In dating violence, one partner tries to maintain power and control over the other through abuse.
Dating violence crosses all racial, economic and social lines.
Nearly half (47%; s=490.21; N=1043) of respondents aged 11-14 reported having been in a dating situation, and 74% (s=771.82; N=1043) stated that dating relationships began at around age 14.
(.) Of those included in the sample, 62% (s=646.66; N=1043) aged 11-14 report being verbally abused, 16% (s=166.88; N=1043) report being physically abused and 28% (s=140.56; N=502) report being sexually abused ().
It can occur in person or electronically and might occur between a current or former dating partner. Healthy relationship behaviors can have a positive effect on a teen’s emotional development.
If you are a teenager involved in an abusive relationship, you need to remember that no one deserves to be abused or threatened.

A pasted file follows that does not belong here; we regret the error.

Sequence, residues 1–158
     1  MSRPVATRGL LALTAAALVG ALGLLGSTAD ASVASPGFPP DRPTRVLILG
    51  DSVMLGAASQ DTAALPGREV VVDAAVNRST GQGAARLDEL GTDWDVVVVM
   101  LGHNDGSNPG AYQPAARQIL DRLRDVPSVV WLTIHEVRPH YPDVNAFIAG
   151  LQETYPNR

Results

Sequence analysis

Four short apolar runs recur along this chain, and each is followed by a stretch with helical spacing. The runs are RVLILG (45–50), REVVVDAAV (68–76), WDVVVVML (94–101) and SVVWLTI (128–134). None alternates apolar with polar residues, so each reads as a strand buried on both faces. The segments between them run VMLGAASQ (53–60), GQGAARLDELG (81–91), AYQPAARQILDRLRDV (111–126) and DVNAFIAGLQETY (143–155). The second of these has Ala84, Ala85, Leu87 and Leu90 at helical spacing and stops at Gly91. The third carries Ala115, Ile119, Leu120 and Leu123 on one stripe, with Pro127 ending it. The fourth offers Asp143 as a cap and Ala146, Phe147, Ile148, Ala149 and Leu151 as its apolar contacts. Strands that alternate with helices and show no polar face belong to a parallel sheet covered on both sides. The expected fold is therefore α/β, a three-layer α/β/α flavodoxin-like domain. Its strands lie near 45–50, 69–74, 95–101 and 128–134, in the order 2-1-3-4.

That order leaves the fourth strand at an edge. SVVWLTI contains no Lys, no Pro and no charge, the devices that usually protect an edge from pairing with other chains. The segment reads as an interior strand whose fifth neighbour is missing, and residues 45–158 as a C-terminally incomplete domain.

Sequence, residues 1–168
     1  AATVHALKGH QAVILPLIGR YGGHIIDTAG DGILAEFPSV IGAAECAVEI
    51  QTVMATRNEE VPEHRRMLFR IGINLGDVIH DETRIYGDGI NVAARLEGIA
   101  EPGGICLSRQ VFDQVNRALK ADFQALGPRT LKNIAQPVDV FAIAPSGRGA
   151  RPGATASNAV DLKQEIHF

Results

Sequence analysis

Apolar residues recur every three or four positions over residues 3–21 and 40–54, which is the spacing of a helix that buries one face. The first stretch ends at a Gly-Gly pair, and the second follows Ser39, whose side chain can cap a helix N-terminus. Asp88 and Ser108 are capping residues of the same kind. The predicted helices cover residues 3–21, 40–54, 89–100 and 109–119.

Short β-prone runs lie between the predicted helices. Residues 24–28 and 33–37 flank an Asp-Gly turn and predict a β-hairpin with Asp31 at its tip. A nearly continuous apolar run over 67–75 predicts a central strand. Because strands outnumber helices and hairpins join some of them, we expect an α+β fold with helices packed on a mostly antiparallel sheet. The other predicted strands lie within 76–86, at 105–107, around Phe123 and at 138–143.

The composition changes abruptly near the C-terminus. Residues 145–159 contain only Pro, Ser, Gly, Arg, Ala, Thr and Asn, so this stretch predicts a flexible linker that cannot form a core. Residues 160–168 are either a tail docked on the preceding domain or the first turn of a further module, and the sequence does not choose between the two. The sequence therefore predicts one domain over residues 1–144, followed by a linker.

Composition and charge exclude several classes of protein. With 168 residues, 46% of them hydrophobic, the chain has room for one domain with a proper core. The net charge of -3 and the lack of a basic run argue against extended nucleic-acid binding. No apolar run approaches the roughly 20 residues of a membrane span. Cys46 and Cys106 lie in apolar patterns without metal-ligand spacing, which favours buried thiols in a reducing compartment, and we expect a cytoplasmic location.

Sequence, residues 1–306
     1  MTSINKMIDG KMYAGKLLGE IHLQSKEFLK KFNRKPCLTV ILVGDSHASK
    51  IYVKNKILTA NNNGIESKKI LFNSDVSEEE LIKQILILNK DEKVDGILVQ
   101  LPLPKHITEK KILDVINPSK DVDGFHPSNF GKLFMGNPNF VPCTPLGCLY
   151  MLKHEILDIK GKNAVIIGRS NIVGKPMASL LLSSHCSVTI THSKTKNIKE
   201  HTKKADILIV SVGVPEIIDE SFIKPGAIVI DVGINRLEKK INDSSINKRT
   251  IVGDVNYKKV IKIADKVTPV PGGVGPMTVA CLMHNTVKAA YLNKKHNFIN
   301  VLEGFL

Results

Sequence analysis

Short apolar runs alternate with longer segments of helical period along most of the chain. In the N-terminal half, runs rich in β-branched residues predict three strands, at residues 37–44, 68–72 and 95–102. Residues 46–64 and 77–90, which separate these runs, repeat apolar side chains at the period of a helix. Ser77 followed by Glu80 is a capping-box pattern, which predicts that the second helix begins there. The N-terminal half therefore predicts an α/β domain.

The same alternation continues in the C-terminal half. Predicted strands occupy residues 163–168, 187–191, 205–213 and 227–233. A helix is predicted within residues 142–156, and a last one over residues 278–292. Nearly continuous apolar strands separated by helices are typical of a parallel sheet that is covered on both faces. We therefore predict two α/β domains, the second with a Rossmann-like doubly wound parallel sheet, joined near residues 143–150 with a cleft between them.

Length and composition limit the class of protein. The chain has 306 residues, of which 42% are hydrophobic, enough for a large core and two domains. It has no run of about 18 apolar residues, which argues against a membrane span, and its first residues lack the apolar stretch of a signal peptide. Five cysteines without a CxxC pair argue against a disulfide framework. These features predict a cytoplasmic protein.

Further, both parents and children agreed that sexual activity is a part of dating relationships, with 37% (s=385.91; N=1043) of the tweens surveyed and 31% (s=162.13; N=523) of parents acknowledging petting, 27% (s=281.61; N=1043) of tweens and 26% (s=135.98; N=523) of parents acknowledging oral sex and 28% of tweens (s=292.04; N=1043) and 26% (s=135.98; N=523) of parents acknowledging intercourse.
Interestingly, while sex was clearly considered to be a part of dating relationships by both parents and tweens, there was a (statistically) significant indication that parents did not consider it to be child had gone further than kissing.
The 2013 national Youth Risk Behavior Survey found approximately 10% of high school students reported physical victimization and 10% reported sexual victimization from a dating partner in the 12 months* before they were surveyed. All too often these examples suggest that violence in a relationship is normal, but violence is never acceptable.
Teenagers often experience violence from another teen in dating relationships.